Nova Scotia is now home to a cutting-edge new cancer imaging and treatment machine that combines incredible accuracy with artificial intelligence to offer fast and more precise therapy.
Dr. James Robar, chief of medical physics with Nova Scotia Health, said this is the culmination of 20 years of work together with the manufacturer Varian Medical Systems.
“We got our first research collaboration with Varian in 2003,” Robar said to assembled media on Monday after a news conference held at the Halifax Convention Centre to announce the development.
“We've had multiple partnerships with Varian and there are even technologies in Varian platforms that were pioneered here in Halifax by researchers and graduate students and so this is really a natural development in the evolution of our relationship.”
Robar said diagnostic imaging and treatment of cancer has progressed a long way until it is now possible to target specific tumours with radiation shaped so precisely that surrounding tissue is not damaged, but as treatment progresses, tumours shrink or grow and change shape, the patients may lose or gain weight or experience swelling and the targeting needs to be adjusted.
“Imagine being a patient, maybe from Halifax, or maybe from Yarmouth or Amherst or Antigonish, and today we would say to that patient 'well, you need radiation treatment and you're going to come to us for about a month to have daily treatments,'” Robar said.
“That could be quite typical, actually, (or) it could be longer.
“Now, imagine a technology that can compress that month of treatments through improved precision and accuracy into one to five days. We could say to that patient, 'yes, you have to come for treatment but we're going to cap this off by the end of next week.' Absolutely transformational.”
The Ethos machine will perform imaging and use AI software to plan and perform adaptive treatment, taking changes into account and significantly reducing the time patients have to endure it.
Robar repeatedly called the Ethos technology “game-changing.”
“We have some experience with the technology already,” he said. “This is actually the latest generation of a treatment platform and so we do have some early evidence to see what might be made possible with this and it's really opening up brand new work flows and new processes and ways to treat cancer patients.”
The machine potentially reduces the number of daily “fractions” or small doses of radiation, and makes treatment available to patients faster, so they are not waiting weeks to begin radiation therapy, he said.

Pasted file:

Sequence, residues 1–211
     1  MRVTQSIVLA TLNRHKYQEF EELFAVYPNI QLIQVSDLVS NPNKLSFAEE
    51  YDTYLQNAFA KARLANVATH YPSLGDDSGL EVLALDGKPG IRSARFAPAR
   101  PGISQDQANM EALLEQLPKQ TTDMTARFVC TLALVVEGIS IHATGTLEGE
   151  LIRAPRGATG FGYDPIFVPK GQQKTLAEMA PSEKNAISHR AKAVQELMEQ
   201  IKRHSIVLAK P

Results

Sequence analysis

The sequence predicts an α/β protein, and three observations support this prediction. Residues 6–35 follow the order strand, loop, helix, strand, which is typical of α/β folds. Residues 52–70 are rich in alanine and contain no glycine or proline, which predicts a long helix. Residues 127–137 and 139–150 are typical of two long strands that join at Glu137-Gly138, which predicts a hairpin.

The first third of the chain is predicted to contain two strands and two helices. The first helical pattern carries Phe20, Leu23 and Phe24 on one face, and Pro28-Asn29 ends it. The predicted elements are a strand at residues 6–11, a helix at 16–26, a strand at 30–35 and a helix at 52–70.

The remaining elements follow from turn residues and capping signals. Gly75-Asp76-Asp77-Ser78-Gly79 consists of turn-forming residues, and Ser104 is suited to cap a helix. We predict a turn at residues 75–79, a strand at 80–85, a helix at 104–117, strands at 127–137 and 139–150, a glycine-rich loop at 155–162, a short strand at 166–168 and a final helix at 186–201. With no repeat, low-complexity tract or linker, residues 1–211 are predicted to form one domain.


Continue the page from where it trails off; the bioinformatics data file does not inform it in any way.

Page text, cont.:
Chris Toth, CEO of Varian Medical, pointed out that traditional delivery of radiation therapies lead to toxic exposures to other tissues, leading to conditions that can leave some requiring medications and other factors that affect their quality of life.
“When you have a technology that can reduce the number of treatments and every day reshape the dose to make sure that the maximal amount to get to take care of the tumour is delivered but then avoid healthy tissue, you're not only eradicating the disease but you're also improving the quality of life and reducing toxicities.”
Robar said the machine is now installed at the QEII Health Sciences Centre.
“We have been working feverishly with it over the past couple of weeks to generate some early results. We're going to be presenting that at the largest trade show and conference a week from now in partnership with Varian. Very excited to be leaders in this.
“So, yes, it is here. We have a lot of work to do but we can see the path from A to B very clearly and it's going to be an extremely exciting and productive year coming.”
He also said the treatment is not yet approved by Health Canada, so the Ethos machine will be used for clinical trials before becoming a standard of care. He said he hopes that will be within a year or so.
“We are pioneering these new work flows that I described in concert with Varian so that when it is Health Canada cleared we can hit the ground running,” Robar said.
Toth said it's always important when you have a strong hypothesis founded in science that has support in foundational literature, that manufacturers and partners run responsible clinical trials.
The first of two will start in a couple of weeks comparing the technology to the status quo treatments.
“And we're going to be able to do that very directly to elucidate the advantages of this exquisite imaging on this platform as well as adaptive work flows,” Robar said. “So, we're getting started right away. We're recruiting patients. Our first study will have 30 patients.”
The study will focus on breast, liver and lung cancers, he said. A second clinical trial to follow later will focus on head and neck cancers.
Nova Scotia is the first province in Canada to have this version of the platform.
Provincial Health and Wellness Minister Michelle Thompson said this is obviously going to make a difference in patient outcomes.
“For this to be first in Canada (and) to have impacts around the world, in terms of the care that we deliver here and the research, I think we as Nova Scotians should be very proud and encouraged by the work that happens here every day,” Thompson said.
Acquisition of the Ethos machine was supported by $12 million in funding from the province, $8 million in donations through the QEII Foundation's We Are campaign and the BMO Ride for Cancer event, and in-kind contributions from Varian.